3D reconstruction of surfaces is an important topic in computer vision and corresponds to a large field of applications: industrial inspection, reverse engineering, object recognition, biometry, archeology… Because of the large varieties of applications, one can find in the literature a lot of approaches which can be classified into two families: passive and active [1]. Certainly because of their reliability, active approaches, using imaging system with an additional controlled light source, seem to be the most commonly used in the industrial field. In this domain, the 3D digitization approach based on active 3D triangulation has had important developments during the last ten years [2] and seems to be mature today if considering the important number of systems proposed by manufacturers. Unfortunately, the performances of active 3D scanners depend on the optical properties of the surface to digitize. As an example, on Fig 1.a, a 3D shape with a diffuse surface has been digitized with Comet V scanner (Steinbichler). The 3D reconstruction is presented on Fig 1.b. The same experiment was carried out on a similar object (same shape) but presenting a specular surface (Fig 1.c and Fig 1.d) ; it can clearly be observed, that the specularity influences of the performance of the digitization.

  18. A method for the quantification of the pressure dependent 3D collagen configuration in the arterial adventitia.

    PubMed

    Schrauwen, J T C; Vilanova, A; Rezakhaniha, R; Stergiopulos, N; van de Vosse, F N; Bovendeerd, P H M

    2012-11-01

    Collagen plays an important role in the response of the arterial wall to mechanical loading and presumably has a load-bearing function preventing overdistension. Collagen configuration is important for understanding this role, in particular in mathematical models of arterial wall mechanics. In this study a new method is presented to image and quantify this configuration. Collagen in the arterial adventitia is stained with CNA35, and imaged in situ at high resolution with confocal microscopy at luminal pressures from 0 to 140mm Hg. The images are processed with a new automatic approach, utilizing techniques intended for MRI-DTI data. Collagen configuration is quantified through three parameters: the waviness, the transmural angle and the helical angle. The method is demonstrated for the case of carotid arteries of the white New Zealand rabbit. The waviness indicated a gradual straightening between 40 and 80mm Hg. The transmural angle was about zero indicating that the fibers stayed within an axial-circumferential plane at all pressures. The helical angle was characterized by a symmetrical distribution around the axial direction, indicating a double symmetrical helix. The method is the first to combine high resolution imaging with a new automatic image processing approach to quantify the 3D configuration of collagen in the adventitia as a function of pressure.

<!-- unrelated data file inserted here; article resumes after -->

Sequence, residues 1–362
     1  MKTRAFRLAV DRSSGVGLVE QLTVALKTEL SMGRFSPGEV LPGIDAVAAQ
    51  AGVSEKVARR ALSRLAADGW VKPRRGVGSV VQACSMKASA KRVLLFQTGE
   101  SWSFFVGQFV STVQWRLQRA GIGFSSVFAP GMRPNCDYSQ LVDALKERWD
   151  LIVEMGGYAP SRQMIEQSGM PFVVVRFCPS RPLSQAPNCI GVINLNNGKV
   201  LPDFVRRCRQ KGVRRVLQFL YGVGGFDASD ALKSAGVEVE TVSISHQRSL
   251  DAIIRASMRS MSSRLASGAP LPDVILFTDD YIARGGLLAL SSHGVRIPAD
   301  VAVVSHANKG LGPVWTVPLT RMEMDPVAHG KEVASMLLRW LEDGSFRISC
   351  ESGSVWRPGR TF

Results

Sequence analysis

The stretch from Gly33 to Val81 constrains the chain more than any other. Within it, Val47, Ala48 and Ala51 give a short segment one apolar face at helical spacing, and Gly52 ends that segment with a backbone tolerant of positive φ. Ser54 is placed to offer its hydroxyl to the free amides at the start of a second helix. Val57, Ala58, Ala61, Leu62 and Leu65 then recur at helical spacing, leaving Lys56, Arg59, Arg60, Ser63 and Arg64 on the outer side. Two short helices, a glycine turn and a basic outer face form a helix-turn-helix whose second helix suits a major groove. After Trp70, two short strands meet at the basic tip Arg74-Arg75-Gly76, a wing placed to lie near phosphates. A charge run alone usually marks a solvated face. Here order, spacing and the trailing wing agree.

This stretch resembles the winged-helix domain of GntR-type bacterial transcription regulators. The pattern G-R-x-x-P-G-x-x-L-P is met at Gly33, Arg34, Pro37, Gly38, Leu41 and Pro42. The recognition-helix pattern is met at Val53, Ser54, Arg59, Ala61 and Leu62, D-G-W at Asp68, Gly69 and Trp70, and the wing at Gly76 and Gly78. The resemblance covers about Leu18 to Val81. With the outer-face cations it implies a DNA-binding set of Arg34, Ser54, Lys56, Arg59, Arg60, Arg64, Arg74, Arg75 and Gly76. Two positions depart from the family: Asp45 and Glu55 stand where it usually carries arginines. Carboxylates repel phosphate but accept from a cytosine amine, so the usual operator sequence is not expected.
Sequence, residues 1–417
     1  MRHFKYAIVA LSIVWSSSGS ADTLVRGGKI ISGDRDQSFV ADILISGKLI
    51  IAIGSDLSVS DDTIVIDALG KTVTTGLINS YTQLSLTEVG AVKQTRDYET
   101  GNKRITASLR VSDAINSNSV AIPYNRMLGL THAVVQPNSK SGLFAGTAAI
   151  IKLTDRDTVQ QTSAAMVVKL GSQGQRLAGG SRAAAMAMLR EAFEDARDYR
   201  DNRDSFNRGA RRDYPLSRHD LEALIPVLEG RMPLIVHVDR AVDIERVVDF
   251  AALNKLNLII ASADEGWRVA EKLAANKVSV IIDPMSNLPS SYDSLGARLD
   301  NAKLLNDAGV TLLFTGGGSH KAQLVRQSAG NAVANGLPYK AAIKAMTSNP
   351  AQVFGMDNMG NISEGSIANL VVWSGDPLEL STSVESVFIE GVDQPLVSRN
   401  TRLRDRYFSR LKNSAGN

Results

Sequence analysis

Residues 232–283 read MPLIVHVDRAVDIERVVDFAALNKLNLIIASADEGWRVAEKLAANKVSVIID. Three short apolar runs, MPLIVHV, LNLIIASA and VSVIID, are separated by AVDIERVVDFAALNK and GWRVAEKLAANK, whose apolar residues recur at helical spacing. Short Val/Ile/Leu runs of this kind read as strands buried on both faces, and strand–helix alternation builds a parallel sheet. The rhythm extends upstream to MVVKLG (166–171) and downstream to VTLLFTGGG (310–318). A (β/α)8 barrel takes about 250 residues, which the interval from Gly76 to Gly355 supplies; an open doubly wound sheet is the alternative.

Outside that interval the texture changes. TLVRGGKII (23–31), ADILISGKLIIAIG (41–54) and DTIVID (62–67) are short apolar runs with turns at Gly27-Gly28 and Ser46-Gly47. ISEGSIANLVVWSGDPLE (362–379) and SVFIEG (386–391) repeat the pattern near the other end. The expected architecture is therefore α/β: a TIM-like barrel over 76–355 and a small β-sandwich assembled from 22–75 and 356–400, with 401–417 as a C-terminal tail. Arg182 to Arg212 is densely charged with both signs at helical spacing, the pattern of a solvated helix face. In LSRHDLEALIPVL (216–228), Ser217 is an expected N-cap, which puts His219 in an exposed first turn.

19. Stereochemical configuration and selective excitation of the chiral molecule halothane

    NASA Astrophysics Data System (ADS)

    Pitzer, Martin; Kastirke, Gregor; Burzynski, Phillip; Weller, Miriam; Metz, Daniel; Neff, Jonathan; Waitz, Markus; Trinter, Florian; Schmidt, Lothar Ph H.; Williams, Joshua B.; Jahnke, Till; Schmidt-Böcking, Horst; Berger, Robert; Dörner, Reinhard; Schöffler, Markus

    2016-12-01

    X-ray single-photon ionization and fragmentation of the chiral molecule halothane from a racemic mixture have been investigated using the cold target recoil ion momentum spectroscopy technique. Two important facets related to the core ionization of this species are examined: Firstly, the distinction of enantiomers (mirror isomers) and the determination of absolute configuration on a single-molecule level by four-body Coulomb explosion; secondly, the interplay of site-selective excitation and fragmentation patterns. These results are easily transferable to other molecular species and show the wealth of features that can be investigated by coincidence spectroscopy of chiral molecules.

  20. System Configuration and Operation Plan of Hayabusa2 DCAM3-D Camera System for Scientific Observation During SCI Impact Experiment

    NASA Astrophysics Data System (ADS)

    Ogawa, Kazunori; Shirai, Kei; Sawada, Hirotaka; Arakawa, Masahiko; Honda, Rie; Wada, Koji; Ishibashi, Ko; Iijima, Yu-ichi; Sakatani, Naoya; Nakazawa, Satoru; Hayakawa, Hajime

    2017-03-01